# Quasimorphism

WARNING: POTENTIAL TERMINOLOGICAL CONFUSION: Please don't confuse this with quasihomomorphism of groups

## Definition

Suppose $G$ is a group. A quasihomomorphism on $G$ is a function $f: G \to \R$ (where $\R$ is the field of real numbers) satisfying the condition that there exists a positive real number $D$ such that for all $x,y \in G$, we have:

$|f(xy) - f(x) - f(y)| \le D$

Note that $D$ depends on $f$, but not on the choice of elements of $G$.

The smallest positive real number $D$ that works is called the defect of the quasimorphism $f$. A quasimorphism of defect 0 is the same as a homomorphism to $\R$.

Other names for this concept are quasihomomorphism (not to be confused with a different notion of quasihomomorphism of groups) and pseudocharacter.

### Homogenization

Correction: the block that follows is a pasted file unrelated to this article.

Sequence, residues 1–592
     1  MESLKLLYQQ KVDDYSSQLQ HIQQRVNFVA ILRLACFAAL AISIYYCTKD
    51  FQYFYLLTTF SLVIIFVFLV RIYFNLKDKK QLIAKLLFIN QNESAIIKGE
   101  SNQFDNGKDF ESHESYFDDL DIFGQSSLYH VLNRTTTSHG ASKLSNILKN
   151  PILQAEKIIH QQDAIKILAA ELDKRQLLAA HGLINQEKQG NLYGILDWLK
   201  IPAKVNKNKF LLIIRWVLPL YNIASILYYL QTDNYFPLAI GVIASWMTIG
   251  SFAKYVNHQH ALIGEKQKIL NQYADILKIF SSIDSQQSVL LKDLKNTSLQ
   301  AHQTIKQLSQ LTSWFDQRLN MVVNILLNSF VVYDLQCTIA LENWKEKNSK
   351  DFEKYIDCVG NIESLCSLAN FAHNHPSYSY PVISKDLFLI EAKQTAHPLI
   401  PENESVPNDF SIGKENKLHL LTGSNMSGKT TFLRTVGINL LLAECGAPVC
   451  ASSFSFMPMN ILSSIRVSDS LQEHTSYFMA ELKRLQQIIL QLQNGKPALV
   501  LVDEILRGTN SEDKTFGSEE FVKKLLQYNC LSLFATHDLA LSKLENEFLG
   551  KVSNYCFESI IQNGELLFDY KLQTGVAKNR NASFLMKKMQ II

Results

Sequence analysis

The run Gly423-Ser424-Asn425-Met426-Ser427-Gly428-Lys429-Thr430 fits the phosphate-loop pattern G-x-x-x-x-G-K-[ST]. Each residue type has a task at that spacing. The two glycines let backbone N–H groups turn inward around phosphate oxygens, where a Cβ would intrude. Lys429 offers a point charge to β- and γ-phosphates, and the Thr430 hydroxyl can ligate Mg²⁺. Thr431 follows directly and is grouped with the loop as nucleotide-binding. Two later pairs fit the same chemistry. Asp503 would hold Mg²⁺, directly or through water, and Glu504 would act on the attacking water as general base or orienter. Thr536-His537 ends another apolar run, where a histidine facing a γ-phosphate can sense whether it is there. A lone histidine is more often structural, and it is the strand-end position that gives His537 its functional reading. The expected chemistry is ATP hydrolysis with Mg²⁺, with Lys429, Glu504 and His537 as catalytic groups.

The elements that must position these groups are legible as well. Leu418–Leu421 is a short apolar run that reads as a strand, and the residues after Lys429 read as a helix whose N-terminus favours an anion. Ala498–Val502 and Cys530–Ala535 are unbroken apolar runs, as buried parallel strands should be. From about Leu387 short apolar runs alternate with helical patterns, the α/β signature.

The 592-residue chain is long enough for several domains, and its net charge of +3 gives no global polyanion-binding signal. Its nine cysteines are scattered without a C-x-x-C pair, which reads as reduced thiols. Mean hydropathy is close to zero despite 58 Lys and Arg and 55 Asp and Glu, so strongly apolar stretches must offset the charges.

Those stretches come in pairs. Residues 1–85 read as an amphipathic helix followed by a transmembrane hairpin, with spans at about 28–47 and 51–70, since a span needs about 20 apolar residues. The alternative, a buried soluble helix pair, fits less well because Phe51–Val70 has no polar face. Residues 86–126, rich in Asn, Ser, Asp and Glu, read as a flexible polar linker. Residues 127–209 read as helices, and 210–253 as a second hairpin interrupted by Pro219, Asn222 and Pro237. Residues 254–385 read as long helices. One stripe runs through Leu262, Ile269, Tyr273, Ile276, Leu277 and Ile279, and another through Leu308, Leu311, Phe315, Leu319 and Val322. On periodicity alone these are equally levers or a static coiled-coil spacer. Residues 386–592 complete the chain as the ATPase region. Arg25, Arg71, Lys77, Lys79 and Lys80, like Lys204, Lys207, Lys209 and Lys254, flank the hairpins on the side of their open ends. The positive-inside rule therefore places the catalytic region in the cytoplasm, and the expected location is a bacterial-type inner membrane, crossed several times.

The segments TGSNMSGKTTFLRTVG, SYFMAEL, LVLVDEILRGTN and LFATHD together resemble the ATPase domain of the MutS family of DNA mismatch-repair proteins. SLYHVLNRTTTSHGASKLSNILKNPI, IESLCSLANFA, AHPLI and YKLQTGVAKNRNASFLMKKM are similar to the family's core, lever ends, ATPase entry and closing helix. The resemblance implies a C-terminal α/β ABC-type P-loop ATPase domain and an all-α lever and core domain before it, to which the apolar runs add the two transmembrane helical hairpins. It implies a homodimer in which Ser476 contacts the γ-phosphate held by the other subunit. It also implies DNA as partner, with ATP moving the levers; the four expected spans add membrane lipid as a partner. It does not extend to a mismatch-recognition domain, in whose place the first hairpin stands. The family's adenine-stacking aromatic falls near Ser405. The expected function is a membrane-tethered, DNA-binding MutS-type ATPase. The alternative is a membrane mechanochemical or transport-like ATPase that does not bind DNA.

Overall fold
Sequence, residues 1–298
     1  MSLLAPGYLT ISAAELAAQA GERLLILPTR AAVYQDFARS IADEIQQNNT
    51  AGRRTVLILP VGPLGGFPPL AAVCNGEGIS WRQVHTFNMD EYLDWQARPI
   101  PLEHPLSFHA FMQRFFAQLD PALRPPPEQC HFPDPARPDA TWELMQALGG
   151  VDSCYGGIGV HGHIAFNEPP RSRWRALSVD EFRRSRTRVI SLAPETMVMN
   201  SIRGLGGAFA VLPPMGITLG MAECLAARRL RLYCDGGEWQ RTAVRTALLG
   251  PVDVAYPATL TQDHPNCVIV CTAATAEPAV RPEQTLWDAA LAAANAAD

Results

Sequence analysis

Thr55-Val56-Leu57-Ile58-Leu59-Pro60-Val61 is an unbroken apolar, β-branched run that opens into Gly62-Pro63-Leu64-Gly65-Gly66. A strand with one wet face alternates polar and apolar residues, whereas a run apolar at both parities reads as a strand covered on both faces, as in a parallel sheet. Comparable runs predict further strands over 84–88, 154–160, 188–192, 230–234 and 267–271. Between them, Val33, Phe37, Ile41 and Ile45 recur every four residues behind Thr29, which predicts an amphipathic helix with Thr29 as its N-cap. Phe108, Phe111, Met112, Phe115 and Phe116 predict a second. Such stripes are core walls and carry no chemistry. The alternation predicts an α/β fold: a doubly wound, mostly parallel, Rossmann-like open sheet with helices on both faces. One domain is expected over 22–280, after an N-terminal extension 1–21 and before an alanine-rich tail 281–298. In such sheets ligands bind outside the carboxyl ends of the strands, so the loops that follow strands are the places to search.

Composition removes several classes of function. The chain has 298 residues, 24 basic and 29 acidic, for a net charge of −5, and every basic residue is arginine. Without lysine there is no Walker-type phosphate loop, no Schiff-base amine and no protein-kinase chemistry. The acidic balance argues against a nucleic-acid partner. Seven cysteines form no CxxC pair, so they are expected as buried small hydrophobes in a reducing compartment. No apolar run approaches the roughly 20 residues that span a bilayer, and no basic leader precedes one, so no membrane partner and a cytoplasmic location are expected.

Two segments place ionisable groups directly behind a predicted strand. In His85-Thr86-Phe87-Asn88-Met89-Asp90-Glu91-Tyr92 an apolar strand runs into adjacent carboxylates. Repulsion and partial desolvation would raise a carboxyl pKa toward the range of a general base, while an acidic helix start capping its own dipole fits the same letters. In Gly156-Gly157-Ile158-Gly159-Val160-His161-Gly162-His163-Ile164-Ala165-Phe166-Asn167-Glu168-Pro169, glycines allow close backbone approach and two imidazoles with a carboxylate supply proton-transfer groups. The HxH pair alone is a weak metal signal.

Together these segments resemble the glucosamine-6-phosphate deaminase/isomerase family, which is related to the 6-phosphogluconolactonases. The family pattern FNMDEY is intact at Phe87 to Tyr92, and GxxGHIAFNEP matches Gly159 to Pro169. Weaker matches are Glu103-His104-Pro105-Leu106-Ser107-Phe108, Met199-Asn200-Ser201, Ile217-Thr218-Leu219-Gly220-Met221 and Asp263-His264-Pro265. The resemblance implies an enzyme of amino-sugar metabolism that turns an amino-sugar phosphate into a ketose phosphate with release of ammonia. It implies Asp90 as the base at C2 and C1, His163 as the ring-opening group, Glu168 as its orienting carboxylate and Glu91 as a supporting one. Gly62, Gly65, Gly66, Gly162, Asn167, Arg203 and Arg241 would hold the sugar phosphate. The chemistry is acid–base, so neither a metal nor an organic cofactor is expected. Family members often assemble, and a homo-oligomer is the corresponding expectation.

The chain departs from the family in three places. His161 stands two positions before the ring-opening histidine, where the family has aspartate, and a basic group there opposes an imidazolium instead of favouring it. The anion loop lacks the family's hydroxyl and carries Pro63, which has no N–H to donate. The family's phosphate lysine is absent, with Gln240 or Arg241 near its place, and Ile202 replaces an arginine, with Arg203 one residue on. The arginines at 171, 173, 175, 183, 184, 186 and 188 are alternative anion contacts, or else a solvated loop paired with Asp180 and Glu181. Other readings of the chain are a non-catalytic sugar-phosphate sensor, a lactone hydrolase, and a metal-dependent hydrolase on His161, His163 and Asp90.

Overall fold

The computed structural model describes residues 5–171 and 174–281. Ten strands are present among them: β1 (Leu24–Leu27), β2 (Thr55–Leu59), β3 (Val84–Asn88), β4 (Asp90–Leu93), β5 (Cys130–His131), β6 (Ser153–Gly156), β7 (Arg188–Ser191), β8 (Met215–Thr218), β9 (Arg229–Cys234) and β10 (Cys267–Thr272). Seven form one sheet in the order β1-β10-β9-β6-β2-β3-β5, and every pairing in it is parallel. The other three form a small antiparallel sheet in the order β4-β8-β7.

A homogeneous quasimorphism is a quasiomorphism that is also a 1-homomorphism of groups, i.e., its restriction to any cyclic subgroup of $G$ is a homomorphism. For any quasimorphism $f$, we can consider its homogenization, defined as $\mu_f := x \mapsto \lim_{n \to \infty} \frac{f(x^n)}{n}$.

## Facts

• The collection of all quasimorphisms on a group is a

## Examples

• Any set map from a group to $\R$ with a bounded image is a quasimorphism. In particular, any continuous map from a compact topological group to $\R$ is a quasimorphism. Examples include coordinate projections from compact manifolds embedded in $\R^n$. Note that the homogenization of any such quasimorphism is the zero quasimorphism, so such quasimorphisms are not interesting up to homogenization.
• The rotation number quasimorphism is a homogeneous quasimorphism.